As much as I congratulate myself on understanding grief - hey, take the wins where they come - there are still so many pieces that elude me.
Someone posted on Twitter about how today would have been her three-year-old's birthday if she hadn't miscarried, and that struck a rather resounding chord so I did the math and realized HEY ME TOO.
Perhaps that's the cause of all the emotions today. I don't remember what happened this time last year or the year before - I'm so emotional most of the time that this stuff honestly doesn't register until I'm sobbing wildly and it somehow clicks in that "Oh, it's my dad's birthday" or "Oh, the baby I miscarried would be three today" or "This was the day I finished reading the final Harry Potter book."
But I do remember the first year, and the first year was bad.
On my actual due date, I went to a dance class to make myself feel better. It was with a teacher I didn't know, and she was one of those who walks around the room, yelling at people to smile. (Which is super obnoxious, no matter what your gender.)
When she got to me and I couldn't smile - like, literally, couldn't, even if I had wanted to or was willing to, which I 100% was not - she stopped the whole class and started yelling at me about how I was what was wrong with Mill Valley and just because you all have money you think you can do whatever you want.
First off: Sister, have you seen my bank account? I had to use a credit card just to get into this $15 class.
Second: That all sounds like a personal problem that has no place in a dance class you're supposed to be teaching.
So I walked out of class and the tears that are always pretty close to the surface on a normal good day rushed up, post-miscarriage and random admonishments from a short she-demon in yoga pants.
As I was sitting outside sobbing, an older woman came up to me and crouched down next to me and just kept saying "Jesus te ama, Jesus te ama."
I didn't retain enough high school Spanish to read the Taco Bell menu, but that translated.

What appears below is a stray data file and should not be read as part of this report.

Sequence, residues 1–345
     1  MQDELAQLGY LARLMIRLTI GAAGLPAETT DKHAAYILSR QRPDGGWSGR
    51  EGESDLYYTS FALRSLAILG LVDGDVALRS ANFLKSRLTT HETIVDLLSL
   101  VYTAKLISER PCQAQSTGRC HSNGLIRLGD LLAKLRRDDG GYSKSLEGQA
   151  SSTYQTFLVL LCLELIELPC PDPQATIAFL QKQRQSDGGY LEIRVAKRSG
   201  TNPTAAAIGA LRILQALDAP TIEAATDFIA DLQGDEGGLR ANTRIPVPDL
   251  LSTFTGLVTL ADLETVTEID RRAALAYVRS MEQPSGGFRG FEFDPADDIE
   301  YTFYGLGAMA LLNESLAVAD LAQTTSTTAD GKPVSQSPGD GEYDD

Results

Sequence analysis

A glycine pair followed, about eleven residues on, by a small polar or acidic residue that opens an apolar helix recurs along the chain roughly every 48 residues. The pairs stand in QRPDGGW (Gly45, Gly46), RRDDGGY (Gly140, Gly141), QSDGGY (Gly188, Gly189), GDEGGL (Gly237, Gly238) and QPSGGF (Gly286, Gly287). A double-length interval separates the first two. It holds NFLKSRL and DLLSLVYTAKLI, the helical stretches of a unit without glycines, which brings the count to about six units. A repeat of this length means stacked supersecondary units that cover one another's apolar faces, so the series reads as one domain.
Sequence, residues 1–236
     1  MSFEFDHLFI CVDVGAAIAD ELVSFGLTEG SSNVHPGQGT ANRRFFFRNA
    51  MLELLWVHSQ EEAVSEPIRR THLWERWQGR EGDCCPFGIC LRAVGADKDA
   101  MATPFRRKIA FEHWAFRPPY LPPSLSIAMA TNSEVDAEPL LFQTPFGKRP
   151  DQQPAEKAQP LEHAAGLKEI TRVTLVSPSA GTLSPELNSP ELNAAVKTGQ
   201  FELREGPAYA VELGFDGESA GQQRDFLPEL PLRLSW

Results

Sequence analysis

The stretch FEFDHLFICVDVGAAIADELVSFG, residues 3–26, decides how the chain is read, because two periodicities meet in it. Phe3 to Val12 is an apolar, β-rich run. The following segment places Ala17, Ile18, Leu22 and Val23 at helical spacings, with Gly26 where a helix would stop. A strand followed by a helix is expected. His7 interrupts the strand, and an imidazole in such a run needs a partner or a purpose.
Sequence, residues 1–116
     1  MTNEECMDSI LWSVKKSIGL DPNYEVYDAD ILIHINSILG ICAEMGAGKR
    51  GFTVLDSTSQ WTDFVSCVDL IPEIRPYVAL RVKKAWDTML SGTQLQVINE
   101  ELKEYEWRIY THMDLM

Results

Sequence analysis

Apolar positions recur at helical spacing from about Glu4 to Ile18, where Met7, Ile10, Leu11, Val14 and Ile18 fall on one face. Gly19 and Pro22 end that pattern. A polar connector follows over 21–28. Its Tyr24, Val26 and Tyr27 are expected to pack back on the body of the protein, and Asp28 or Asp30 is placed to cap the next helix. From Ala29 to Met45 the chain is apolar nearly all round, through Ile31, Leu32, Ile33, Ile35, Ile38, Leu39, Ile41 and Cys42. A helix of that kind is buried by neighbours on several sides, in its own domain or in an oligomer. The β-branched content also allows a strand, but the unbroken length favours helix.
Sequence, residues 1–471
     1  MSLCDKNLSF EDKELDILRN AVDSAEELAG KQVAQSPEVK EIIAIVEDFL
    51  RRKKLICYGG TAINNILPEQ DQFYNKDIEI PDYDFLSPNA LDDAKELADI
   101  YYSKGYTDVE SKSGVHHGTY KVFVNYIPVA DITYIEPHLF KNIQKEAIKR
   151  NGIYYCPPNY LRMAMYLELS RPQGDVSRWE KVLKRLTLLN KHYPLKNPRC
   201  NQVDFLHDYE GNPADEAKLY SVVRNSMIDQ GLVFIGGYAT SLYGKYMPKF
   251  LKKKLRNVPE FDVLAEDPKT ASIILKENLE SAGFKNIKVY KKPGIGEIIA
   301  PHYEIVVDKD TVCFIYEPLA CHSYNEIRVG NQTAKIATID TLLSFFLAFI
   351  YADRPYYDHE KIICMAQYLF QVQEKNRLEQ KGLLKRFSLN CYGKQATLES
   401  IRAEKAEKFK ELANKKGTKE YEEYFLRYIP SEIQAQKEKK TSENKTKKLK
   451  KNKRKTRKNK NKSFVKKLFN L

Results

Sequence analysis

For every she-demon, there is someone who will send you love and sit with you as you cry.
On July 11, I turned 40.
Over the last ten years, I wrangled a lot more grief than I expected - and learned how to drink that particular cocktail without choking.
I learned how to feel.
I adopted Sally, my stuffed therapy otter.
I learned that I was an empath - and how to take care of myself so that I wasn’t spending all my time trapped in other people’s emotions and completely drained of energy.
Instead of doing what I expected to do - get married, have kids, maybe buy a house - I learned that riding the grief roller coaster clears space for joy. I learned that if a stuffed otter makes you happy, take her with you when you go. I learned that if there’s something you love to do...do it.
It wasn’t how I expected my thirties to go, but it was exactly what it needed to be.
I learned who I am and how I operate and what I’m here on this spinning blue marble to do. I learned that I'm happier when I'm exercising and sporting colorful fingernails. I learned what love looks like and what joy feels like.
Not too shabby for a decade.
So for my next ten years, I’m surrendering all my ideas of how I think things should go and allowing things to happen as they do. I’m making joy and following my soul the priorities.
So this is what I want my forties to be:
Riding giraffes and writing love notes (and more books) and snuggling Sally and going on adventures and allowing the chips to fall where they may. Because that feels so much better than trying to wrestle the world into doing my bidding.
I'll keep asking for what I want, of course, and doing anything it occurs to me to do to help it happen - but I'm going to be so grateful for what I do have and so fueled up by random delight that whether or not I get it will be barely a blip on the radar.
Because that's what freedom looks like to me.
My last date ended 20 minutes in after he asked "What would happen if you accidentally got pregnant?" and I said "I would want to have it" and he said "I would not want you to have it" so we shook hands and walked back to our cars.
This true ass story perfectly illustrates my current stance on dating. Which is: hahahahahahaNOPE.
Dating was actually going better than it's ever gone before - aside from that random 20-minute misalliance, I've never before been able to basically snap my fingers and have amazing guys pop in like magic.
But, as it turns out, I have zero interest in dating.
I don't want to get to know you. I want to get to know ME.
Even though I just turned 40, I still have so much about the interior of my soul and brain to discover. There's a multi-verse to play in, within me and in the other dimensions. Healings to do, dragons to channel, books to write, coffee to drink, friends to meet, goals to dance with.
So no more playing the numbers game, no more going out with random strangers in the hopes of finding the partner - I am now relying 100% on fate. Maybe fate will deliver, rom-com-style, maybe it won't.
It's amazing how much space in my brain this has freed up. I feel like I'm able to really truly enjoy being single for the first time, possibly ever.
There's nothing to do, nothing to worry about, nothing to strive for.